The National Institutes of Mental Health have awarded $8 million to researchers at Johns Hopkins University School of Medicine in Baltimore to develop methods to fully eradicate HIV from the body and the nervous system.

“We have developed a model that mimics what is observed in HIV-infected patients on [ARVs] and plan to use it to better understand how HIV infection causes nervous system problems,” said study leader Janice Clements, PhD, professor of comparative and molecular pathobiology at Johns Hopkins.

The research team has already developed a model of antiretroviral (ARV) therapy based on SIV—a simian cousin of HIV—that uses four drugs to reduce viral load to undetectable levels in the bloodstream and spinal fluids. Researchers will use that model to determine the best time to start ARV treatment to protect the immune and central nervous system from HIV-related damage, the amount of peripheral nervous system damage caused by ARV treatment and whether new drug therapies can rid tissues of residual virus.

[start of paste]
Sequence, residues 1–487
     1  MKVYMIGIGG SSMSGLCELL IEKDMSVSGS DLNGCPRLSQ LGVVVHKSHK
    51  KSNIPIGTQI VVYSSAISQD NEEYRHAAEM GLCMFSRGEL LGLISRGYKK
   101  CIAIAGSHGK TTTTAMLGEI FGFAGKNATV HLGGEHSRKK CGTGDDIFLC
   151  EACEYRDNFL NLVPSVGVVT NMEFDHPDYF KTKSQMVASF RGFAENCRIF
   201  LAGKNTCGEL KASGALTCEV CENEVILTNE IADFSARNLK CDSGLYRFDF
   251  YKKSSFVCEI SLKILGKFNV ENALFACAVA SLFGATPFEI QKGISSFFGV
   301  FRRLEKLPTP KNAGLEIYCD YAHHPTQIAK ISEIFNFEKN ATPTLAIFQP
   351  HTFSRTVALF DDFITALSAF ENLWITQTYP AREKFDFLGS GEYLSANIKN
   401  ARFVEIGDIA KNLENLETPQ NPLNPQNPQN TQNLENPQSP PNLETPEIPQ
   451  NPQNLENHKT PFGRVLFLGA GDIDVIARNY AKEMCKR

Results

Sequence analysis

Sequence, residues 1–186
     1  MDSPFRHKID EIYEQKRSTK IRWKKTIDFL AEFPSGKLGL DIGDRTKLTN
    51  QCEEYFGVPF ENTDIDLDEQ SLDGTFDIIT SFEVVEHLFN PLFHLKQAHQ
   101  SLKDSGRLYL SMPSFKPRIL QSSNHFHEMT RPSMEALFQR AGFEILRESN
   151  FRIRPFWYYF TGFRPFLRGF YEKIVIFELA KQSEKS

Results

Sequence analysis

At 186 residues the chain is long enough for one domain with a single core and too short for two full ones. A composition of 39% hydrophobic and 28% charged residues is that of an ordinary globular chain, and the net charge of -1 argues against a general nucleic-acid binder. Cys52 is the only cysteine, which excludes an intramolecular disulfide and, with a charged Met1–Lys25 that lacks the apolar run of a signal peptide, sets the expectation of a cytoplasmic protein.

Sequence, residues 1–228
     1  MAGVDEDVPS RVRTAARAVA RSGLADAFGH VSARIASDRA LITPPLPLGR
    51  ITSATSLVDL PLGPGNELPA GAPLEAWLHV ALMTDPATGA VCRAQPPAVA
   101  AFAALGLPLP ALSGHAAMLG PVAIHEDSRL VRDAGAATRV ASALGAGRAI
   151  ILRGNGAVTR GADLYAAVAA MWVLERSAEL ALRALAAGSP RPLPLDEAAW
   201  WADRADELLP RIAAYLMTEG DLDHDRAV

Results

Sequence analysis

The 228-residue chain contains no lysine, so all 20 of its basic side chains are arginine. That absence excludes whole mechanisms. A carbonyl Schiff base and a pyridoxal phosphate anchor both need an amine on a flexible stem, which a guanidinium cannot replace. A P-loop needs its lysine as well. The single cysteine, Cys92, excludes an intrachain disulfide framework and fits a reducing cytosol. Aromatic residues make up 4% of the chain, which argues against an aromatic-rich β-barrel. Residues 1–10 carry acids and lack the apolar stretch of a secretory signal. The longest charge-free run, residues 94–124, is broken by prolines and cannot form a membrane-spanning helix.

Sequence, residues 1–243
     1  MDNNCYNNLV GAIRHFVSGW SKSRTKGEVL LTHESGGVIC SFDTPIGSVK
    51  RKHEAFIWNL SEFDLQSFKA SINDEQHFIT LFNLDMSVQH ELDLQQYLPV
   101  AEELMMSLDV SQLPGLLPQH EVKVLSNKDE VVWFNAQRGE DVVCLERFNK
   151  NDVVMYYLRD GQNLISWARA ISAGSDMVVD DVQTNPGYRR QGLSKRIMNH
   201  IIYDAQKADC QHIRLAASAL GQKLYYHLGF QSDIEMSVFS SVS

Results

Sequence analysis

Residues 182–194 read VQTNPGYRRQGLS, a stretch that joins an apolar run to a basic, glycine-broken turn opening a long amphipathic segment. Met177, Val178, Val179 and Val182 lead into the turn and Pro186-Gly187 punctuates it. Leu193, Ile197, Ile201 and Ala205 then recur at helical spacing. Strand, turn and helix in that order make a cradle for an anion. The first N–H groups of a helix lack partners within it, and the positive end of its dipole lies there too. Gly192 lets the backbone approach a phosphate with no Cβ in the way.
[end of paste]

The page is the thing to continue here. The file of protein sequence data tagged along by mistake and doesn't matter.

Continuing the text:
ARV therapy “is not a solution to the AIDS epidemic—it is only a step toward eradication,” said Robert Siliciano, MD, PhD, a professor of medicine whose lab is part of the research. “Our next challenge is to find a way to purge the body of infection and clear the reservoirs of virus from the deepest recesses of the body, including the brain.”